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Clin Genet. 2003 May;63(5):340-51.

Vascular malformations: localized defects in vascular morphogenesis.

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1
Laboratory of Human Molecular Genetics, Christian de Duve Institute of Cellular Pathology and Université Catholique de Louvain, Brussels, Belgium. vikkula@bchm.ucl.ac.be

Abstract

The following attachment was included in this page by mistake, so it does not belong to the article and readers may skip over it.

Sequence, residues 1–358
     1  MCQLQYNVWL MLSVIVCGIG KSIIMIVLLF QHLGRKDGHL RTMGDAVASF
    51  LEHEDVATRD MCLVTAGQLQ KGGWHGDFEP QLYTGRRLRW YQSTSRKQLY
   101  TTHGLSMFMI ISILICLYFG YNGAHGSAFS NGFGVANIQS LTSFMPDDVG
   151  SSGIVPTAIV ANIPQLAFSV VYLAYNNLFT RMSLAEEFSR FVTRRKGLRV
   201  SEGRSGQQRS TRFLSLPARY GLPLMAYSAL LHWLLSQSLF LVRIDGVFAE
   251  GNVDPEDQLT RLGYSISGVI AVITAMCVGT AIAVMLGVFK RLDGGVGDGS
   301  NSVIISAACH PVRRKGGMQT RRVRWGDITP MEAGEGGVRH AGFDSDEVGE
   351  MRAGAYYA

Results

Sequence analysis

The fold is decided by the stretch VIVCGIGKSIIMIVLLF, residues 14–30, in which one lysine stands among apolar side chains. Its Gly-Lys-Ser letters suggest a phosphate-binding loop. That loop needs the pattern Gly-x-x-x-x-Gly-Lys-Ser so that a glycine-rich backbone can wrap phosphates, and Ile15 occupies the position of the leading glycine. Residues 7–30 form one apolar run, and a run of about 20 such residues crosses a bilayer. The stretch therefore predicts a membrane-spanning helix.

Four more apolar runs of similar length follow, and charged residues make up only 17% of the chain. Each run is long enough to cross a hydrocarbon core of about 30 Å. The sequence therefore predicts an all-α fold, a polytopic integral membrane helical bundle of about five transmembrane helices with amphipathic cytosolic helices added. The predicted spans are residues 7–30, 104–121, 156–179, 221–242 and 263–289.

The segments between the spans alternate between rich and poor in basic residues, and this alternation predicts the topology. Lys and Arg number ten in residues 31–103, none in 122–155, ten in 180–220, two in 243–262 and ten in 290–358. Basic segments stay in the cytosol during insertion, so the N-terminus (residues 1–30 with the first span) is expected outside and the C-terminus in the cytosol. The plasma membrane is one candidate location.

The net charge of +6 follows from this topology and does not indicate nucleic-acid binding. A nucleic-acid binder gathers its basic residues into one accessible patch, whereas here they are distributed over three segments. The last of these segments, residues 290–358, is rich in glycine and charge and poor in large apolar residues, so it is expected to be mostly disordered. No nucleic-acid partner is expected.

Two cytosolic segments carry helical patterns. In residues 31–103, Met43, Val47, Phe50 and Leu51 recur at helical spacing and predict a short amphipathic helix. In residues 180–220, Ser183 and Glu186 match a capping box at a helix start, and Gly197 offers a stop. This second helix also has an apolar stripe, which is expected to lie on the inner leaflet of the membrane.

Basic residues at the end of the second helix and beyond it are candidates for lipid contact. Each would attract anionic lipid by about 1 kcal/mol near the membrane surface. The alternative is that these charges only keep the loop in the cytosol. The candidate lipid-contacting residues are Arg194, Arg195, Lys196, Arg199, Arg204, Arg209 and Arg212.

Vascular anomalies are localized defects of the vasculature, and usually affect a limited number of vessels in a restricted area of the body. They are subdivided into vascular malformations and vascular tumours. Most are sporadic, but Mendelian inheritance is observed in some families. By genetic analysis, several causative genes have been identified during the last 10 years. This has shed light into the pathophysiological pathways involved. Interestingly, in most cases, the primary defect seems to affect the characteristics of endothelial cells. Only mutations in the glomulin gene, responsible for hereditary glomuvenous malformations, are thought to directly affect vascular smooth-muscle cells.

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